Guernsey Finance Chief Executive Dominic Wheatley explains how Guernsey’s financial services sector has remained at the forefront of innovation in the past year and is utilising its expertise across a variety of asset classes.
Recent events in the Caribbean have reminded us of the destructive power of Mother Nature. Global warming is changing traditional weather patterns, increasing the incidence of tropical storms and increasing their ferocity. This is placing substantial burdens on the wholesale reinsurance markets to meet the aggregate claims that arise out of such events.
Insurance linked securities (ILS) are a means by which investors can provide additional capital into the market against this risk, providing investors with enhanced returns in today’s low interest environment. ILS also has a risk profile that is non-coterminous with that of conventional financial assets, facilitating improvements in the overall risk profile of investors’ portfolios.
Guernsey’s combination of both fund and insurance expertise within industry and at regulatory level has positioned the island at the heart of this fast-developing market. Fund managers and promoters with capital to deploy are brought together with transformation managers who understand insurance risk.
At the Guernsey Insurance Forum in London in October the audience of nearly 200 heard about the use of reinsurance technology to help meet the humanitarian outcomes of natural disasters. These have already been used to enable nation states in Africa respond to famine relief in a timelier manner and to preserve crucial assets for the rebuilding process that would previously have been used in immediate relief.
Non-governmental organisations working in this area face similar cash-flow issues in responding to disasters that can deflect crucial resources away from the important work and onto fundraising. Pre-funding using ILS structures could provide both an answer to the essential problem of having cash available at very short notice and facilitate investors increasingly focused on the social as well as financial outcome of their investments to deploy capital efficiently to meet this essential contingent purpose.
ILS is also the asset class from which Guernsey has the latest example for its emerging excellence within the fintech space.
In August, it was announced that Dom Re IC Limited, a Guernsey-domiciled ILS reinsurance transformer and incorporated cell of Solidum Re (Guernsey) ICC had, with its most recent placement, issued the first notes to have been digitised on a private blockchain. Referred to as the ‘ILSBlockchain’, the mechanism replaced the role of a traditional settlement system such as Euroclear or DTC for the note issue.
This note solution was not the only global blockchain first Guernsey was able to lay claim to during 2017. In February, it was revealed that Northern Trust in collaboration with IBM and other key stakeholders had launched the first commercial deployment of blockchain technology for the private equity market. Unigestion, the Geneva-based asset manager who was first to utilise the Northern Trust blockchain solution, said they opted for a Guernsey-based fund on the basis that the use of the distributed ledger technology had already been approved by the Guernsey authorities, including government and the Guernsey Financial Services Commission (GFSC).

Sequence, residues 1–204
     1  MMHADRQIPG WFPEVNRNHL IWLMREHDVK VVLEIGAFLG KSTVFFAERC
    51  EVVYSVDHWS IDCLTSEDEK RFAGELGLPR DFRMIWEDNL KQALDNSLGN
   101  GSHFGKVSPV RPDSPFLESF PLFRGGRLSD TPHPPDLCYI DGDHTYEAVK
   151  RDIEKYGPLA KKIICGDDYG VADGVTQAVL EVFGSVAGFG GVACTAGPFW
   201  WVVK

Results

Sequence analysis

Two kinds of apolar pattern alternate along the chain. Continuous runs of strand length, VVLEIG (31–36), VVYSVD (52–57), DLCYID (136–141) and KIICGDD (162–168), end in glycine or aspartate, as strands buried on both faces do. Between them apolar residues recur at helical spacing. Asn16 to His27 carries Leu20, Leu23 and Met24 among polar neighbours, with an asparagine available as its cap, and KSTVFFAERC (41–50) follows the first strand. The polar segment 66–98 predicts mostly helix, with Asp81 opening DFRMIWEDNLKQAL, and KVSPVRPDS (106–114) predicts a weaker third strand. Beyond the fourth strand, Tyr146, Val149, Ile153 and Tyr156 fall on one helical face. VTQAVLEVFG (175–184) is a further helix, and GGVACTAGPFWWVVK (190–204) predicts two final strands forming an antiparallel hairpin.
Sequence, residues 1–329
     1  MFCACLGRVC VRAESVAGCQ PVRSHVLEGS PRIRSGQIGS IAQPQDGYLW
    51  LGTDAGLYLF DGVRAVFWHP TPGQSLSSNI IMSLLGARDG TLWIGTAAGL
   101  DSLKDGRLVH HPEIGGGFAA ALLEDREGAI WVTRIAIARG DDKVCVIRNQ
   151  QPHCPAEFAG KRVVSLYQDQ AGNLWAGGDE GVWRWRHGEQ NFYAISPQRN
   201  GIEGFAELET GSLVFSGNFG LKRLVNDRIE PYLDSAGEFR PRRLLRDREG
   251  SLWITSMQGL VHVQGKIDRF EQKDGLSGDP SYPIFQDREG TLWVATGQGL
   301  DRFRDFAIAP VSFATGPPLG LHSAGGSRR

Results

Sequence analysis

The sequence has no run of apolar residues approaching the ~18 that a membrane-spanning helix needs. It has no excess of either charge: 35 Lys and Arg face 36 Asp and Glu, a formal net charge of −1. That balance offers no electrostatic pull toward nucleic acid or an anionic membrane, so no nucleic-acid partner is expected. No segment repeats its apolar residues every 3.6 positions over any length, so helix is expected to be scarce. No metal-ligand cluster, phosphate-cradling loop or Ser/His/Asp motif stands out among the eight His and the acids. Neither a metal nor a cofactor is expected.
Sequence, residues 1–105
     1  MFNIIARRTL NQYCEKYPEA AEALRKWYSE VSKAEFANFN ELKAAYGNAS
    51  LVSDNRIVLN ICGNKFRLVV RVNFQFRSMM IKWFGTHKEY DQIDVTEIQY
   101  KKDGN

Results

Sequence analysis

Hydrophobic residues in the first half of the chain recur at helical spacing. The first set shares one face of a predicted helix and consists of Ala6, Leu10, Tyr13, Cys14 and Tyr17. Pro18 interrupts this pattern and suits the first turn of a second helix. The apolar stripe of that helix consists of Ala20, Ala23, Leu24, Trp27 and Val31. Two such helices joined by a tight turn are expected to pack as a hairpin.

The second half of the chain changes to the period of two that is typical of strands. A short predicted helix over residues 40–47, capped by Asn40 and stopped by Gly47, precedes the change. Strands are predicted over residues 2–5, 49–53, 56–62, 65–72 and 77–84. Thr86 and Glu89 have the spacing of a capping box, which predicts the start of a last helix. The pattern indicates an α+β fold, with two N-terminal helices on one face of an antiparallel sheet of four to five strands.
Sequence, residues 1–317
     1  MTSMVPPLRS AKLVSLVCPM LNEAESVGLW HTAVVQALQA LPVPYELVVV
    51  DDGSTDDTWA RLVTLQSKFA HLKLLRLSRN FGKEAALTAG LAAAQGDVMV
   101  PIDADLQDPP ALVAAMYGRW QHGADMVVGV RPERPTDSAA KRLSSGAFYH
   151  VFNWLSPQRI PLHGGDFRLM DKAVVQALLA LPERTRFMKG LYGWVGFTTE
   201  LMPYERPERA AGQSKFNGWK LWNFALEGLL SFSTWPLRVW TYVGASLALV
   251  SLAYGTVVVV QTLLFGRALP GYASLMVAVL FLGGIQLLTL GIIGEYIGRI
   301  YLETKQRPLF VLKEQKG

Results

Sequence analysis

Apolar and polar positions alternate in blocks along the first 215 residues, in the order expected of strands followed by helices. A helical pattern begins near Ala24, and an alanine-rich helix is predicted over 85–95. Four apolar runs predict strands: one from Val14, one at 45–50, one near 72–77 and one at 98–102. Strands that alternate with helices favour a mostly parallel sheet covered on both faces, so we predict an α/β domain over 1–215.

Indeed, the GFSC has developed a familiarity with a range of emerging technologies to ensure the proper and efficient regulation of the business involved. This synergetic interaction between regulator and industry on innovative projects is achieved via the GFSC’s Innovation SoundBox – a process designed to enable innovators to access the expertise of the regulator during the design process and build regulatory considerations into their business and operating models as they go.
Fintech has unmistakably emerged over the past 10 years, both as an evolutionary force improving the performance and customer interface of the established finance industries, but also as a disruptive force creating new customer opportunities and responding positively to the changing nature of society.
Guernsey’s financial pedigree, coupled with its internal and external connectedness, makes it uniquely positioned to act as an environment for fintech development. An example of this is UK robotic investment adviser Wealthify, which recently saw Aviva acquire a majority shareholding.
Guernsey’s role in this exciting start-up has included the entrepreneurial flare of one of the founders of the business, much of the initial funding and the investment expertise and administration. The internet-based platform delivers managed investment portfolios to retail investors facing the increasing need for long-term savings to meet their normal lifetime aspirations as opposed to traditional savings products, which can often deliver low interest rates and typically heavy expense ratios. The efficiency of Wealthify means that access to a balanced investment portfolio can be provided to savers at all levels, right down to those saving just £1 at a time.
Fintech is allowing Guernsey’s business community to look to the future, but it is the experience the island has built up over more than half a century as a highly stable and secure centre for financial services that provides the platform for it to innovate in such a way.
This stability and security has never been more critical than it is today. Everywhere one looks there are signs of insecurity and volatility, whether this is the political turmoil around the world, the economic uncertainty associated with this, or the growing threats of international terrorism.